It takes a mere few seconds for it to register that you’re in for a fun ride with ‘Gimme Yer Love’. With opening keys that sound like something straight out of a carnival, this latest track from North Carolina natives Emma’s Lounge appeals to your sense of childlike innocence and encourages you to lose your inhibitions and enjoy the moment. Taken from their new album Confluence out 12th October, this funky number boasts an irresistible chorus, glowing melodies and an unwavering whirl of positive energy. The band have truly thrown everything they’ve got at this track, and the end result sounds like Haim operating on overdrive. A song this exuberant and infectious must be the product of a secret lab dedicated to creating the most danceable groove imaginable, it’s the only logical explanation for a song so full of life and unreservedly joyous.
What with the current state of the world, with all its fear, hatred and division, I envisioned that there would be a rise in angry protest music. While that has been the case in some circles, others have chosen to follow a different path. Despite its name, ‘Mad at the World’ is not an angry song, instead it follows the wise words of Marvin Gaye: “only love can conquer hate”. To that end, Canadian artist and actor Will Bowes shares a moving and heartfelt message with this stunningly soulful piano ballad. Inspired by the recent attacks in Toronto, ‘Mad at the World’ is a song about being the change you want to see in the world. Promoting love and togetherness, remaining optimistic in the face of unrest and uncertainty and standing up for what really matters in life.
It’s not all that long since that I was admiring the vaudevillian theatricality of The Lavender Scare’s previous single, and now they are back to show a whole other side to their sound. This LA based band formed from a shared love of Radiohead, and that influence is clear and present throughout as ‘Buried Behind Monet’ would sound right at home on Hail To The Thief. The downcast soaring guitar tone, blaring out like an air-raid siren, creates an ever-present tension that sets the scene for the foreboding world the song depicts. The unrelenting march of the rhythm section and piano sounds determined and defiant against the bleak backdrop, particularly when paired with the bittersweet riffs ringing out. This darker side to The Lavender Scare sounds like a different band entirely, and any band that can change their colours so convincingly is one to pay close attention to, as you never know what else they may have up their sleeve.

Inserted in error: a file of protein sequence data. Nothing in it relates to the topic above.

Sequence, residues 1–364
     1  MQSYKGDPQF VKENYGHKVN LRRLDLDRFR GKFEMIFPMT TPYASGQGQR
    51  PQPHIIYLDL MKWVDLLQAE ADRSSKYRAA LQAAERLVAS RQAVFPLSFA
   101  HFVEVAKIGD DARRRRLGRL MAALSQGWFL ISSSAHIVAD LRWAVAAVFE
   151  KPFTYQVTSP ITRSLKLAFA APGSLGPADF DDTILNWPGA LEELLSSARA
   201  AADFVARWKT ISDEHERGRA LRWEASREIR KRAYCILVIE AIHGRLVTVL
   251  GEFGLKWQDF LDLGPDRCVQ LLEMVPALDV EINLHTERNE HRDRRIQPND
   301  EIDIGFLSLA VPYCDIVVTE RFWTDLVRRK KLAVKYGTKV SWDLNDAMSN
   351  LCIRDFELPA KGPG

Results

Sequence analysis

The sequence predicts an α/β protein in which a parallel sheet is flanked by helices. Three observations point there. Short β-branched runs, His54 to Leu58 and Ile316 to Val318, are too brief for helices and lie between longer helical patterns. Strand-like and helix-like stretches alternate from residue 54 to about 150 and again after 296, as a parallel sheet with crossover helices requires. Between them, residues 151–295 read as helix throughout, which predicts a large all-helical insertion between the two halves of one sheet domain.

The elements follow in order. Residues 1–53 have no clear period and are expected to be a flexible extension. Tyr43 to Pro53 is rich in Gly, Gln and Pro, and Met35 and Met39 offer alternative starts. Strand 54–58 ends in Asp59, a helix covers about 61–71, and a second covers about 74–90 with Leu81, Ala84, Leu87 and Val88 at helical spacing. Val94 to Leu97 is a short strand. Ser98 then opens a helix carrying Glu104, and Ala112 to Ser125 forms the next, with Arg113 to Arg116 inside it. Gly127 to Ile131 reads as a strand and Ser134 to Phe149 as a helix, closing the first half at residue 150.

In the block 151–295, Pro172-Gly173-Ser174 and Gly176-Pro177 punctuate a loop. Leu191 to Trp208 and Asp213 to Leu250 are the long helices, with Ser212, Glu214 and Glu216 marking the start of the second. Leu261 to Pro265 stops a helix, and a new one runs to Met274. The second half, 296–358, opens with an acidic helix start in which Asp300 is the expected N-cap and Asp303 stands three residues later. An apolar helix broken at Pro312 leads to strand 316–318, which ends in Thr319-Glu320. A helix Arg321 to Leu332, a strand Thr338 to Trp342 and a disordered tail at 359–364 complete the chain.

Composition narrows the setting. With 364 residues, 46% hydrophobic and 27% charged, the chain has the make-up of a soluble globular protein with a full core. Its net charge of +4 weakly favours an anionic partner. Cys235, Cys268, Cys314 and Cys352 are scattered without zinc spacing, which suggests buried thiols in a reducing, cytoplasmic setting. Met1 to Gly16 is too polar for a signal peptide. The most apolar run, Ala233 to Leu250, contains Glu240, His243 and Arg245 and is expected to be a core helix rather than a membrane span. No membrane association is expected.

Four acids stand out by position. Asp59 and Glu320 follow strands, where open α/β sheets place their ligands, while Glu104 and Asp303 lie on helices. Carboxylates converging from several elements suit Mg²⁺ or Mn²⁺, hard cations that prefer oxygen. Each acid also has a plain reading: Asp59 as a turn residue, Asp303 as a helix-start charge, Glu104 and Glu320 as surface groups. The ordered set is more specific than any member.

There’s power in names, sometimes names can reveal more than you think. Take the latest single from Windsor based band SAHARAS, which shimmers like a mirage in the desert, calling out to some something deep within to lure you in closer. Reminiscent of Foals at their very best, ‘Shake My Fever’ immediately grabs you with its danceable groove and bright inviting melodies. The psychedelic air that pervades this track makes it feel like the soundtrack to some vibrant fever dream. Mixing enticing indie vibes with a dash of surreal dream pop, SAHARAS are on to a winning formula here. Much like the simply stunning single artwork, the song is for the most part real and grounded, but is aglow with a fantastical haze that makes the whole thing that bit more magical.
Sometimes the simplest songs can be the most moving, and this latest track from Canadian singer/songwriter Kane Miller is a prime example. There’s no need for big flashy production as the song’s powerful message speaks for itself: “all we are is all we need”. When times are tough, such as when going through a breakup, sometimes all we can do is scrape together enough inner strength to see a new day. This is reflected beautifully in the stripped back video of Kane and his guitar in a worn down old room, with just a single lamp to fend off the darkness. It’s not pretty to struggle on when everything feels like it’s crashing down, but it’s still important to cling on to what small joys and little victories you can to keep going, so that you can see brighter days further down the line.